The two shrines, one near the recognized heritage site of Old Acre on Israel's northern coast and the other on Mount Carmel in Haifa, are the resting places of Bahá'u'lláh and the Báb, the founders of the Bahá'í Faith.
Bahá'ís believe that both Bahá'u'lláh and the Báb were messengers of God, on a par with Abraham, Buddha, Jesus, Krishna, Muhammad, and Zoroaster. The Shrine of Bahá'u'lláh is the focal point of prayer for Bahá'ís all over the world, giving it an importance comparable to the Western Wall in Jerusalem for Jews and the Kaaba in Mecca for Muslims.
Born in Iran, Bahá'u'lláh was banished to Acre in what was then the Ottoman Empire, where he died in 1892. The Báb was executed in Iran in 1850, and His remains were later moved to Haifa for burial.
As a practical matter, inscription on the World Heritage list will help to ensure that the sites are protected and preserved from encroachment and other threats.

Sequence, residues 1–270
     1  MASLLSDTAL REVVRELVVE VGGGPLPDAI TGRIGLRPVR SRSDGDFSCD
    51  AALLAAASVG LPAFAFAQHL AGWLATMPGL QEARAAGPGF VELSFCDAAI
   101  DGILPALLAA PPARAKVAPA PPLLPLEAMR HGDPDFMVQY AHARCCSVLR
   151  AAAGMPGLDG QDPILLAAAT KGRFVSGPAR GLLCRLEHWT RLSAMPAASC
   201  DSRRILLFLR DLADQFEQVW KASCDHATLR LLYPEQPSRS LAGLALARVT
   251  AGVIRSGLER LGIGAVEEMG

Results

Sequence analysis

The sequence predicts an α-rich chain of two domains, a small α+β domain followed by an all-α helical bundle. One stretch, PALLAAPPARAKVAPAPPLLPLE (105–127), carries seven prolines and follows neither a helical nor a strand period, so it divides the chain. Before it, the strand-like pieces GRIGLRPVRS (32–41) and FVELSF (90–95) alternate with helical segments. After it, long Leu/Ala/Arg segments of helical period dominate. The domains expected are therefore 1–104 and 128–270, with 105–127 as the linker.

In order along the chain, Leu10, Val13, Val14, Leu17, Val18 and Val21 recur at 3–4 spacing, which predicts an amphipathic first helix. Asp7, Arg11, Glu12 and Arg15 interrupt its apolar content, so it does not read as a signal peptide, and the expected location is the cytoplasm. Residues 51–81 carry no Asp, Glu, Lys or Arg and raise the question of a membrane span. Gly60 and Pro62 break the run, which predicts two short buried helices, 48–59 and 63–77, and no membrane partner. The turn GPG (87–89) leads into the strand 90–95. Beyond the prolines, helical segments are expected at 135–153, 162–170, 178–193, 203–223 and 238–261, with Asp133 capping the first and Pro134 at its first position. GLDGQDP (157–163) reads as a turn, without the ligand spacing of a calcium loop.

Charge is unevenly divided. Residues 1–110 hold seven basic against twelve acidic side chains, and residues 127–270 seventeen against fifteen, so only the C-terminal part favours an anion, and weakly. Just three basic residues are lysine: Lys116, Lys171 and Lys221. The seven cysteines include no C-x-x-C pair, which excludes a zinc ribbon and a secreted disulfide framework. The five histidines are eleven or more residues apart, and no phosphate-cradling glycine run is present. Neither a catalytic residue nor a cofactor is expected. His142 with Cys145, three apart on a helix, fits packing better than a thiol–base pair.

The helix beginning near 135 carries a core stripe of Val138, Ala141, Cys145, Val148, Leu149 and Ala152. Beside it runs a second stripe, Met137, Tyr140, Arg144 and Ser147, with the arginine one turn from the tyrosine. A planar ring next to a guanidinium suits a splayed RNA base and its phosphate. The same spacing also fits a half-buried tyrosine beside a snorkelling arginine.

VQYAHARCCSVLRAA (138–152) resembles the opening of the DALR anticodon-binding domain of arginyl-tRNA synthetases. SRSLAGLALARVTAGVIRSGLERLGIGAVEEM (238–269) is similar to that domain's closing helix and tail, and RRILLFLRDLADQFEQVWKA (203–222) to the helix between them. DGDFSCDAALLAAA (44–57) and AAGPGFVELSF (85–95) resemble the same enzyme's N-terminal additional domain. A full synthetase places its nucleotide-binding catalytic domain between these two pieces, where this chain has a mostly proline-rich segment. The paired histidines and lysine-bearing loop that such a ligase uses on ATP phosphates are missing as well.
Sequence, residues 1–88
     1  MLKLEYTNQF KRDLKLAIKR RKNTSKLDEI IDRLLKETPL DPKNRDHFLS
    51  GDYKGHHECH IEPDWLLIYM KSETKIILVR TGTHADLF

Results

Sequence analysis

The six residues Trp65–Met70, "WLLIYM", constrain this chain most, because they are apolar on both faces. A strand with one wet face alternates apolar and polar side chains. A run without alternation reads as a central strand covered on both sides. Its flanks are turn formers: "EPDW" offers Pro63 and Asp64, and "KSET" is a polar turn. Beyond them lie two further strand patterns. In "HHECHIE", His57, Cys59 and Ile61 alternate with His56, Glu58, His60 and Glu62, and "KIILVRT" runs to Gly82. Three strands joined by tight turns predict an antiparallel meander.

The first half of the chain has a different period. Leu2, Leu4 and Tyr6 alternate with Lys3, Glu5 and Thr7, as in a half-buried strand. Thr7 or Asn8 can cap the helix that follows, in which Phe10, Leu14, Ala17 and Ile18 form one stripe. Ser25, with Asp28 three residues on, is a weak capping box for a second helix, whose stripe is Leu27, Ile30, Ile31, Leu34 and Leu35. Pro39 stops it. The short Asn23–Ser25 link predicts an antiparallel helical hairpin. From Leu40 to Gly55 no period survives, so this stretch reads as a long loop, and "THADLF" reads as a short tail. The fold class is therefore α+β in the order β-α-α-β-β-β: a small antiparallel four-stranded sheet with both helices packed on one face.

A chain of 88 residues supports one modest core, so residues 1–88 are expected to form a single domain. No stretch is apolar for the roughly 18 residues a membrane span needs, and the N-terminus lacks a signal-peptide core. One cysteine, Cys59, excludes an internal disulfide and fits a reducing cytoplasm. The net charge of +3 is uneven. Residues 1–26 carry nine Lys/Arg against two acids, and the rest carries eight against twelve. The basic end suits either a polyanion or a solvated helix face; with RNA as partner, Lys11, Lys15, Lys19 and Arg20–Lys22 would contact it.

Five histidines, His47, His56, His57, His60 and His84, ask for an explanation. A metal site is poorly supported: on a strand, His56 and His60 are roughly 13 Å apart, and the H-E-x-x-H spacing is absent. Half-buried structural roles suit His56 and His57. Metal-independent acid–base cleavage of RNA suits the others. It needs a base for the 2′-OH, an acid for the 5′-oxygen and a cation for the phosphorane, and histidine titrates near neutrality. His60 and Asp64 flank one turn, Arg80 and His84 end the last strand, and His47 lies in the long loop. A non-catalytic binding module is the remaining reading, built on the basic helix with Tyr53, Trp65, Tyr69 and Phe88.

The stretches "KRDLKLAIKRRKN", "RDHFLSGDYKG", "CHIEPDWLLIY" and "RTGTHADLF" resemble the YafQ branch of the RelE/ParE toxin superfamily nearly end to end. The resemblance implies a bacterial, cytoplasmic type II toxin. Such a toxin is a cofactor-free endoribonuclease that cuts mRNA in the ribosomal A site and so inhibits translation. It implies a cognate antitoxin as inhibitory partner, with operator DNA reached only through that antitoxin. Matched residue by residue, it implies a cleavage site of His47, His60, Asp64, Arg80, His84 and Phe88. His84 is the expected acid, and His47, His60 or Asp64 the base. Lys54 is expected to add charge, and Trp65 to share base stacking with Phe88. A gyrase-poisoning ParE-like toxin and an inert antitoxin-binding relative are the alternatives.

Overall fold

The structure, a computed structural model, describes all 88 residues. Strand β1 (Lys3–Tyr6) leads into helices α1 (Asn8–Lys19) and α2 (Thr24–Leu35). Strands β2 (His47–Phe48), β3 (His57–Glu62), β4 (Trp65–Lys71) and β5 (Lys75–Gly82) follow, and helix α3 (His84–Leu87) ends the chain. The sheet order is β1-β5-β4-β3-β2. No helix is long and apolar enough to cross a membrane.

"It is recognition that it has outstanding universal value, which should be preserved for all humanity," said Michael Turner, chair of the Israel World Heritage Committee, which submitted the nomination. The Bahá'í World Centre prepared, as part of the documentation for the nomination, a comprehensive management plan detailing the measures adopted to protect and preserve the sites.
Beyond practical issues, the inscription of the Bahá'í holy places by UNESCO offers a stunning contrast to the situation of the Faith in other countries, such as Iran, where Bahá'ís are persecuted, are denied the right to practice their religion, and have had their holy buildings destroyed.
In August, for example, Benjamin Balint, writing in the Wall Street Journal, took note of UNESCO's recognition of the Bahá'í sites and the fact that they attract more than half a million visitors a year.
"At the very moment UNESCO has chosen to recognize what it calls the 'outstanding universal value' of the Carmel shrines and what they stand for, the mullahs are moved to persecute these believers who emerged from the very heart of Islam — and who represent a future that fanatical Islam has so disastrously chosen to reject," wrote Mr. Balint.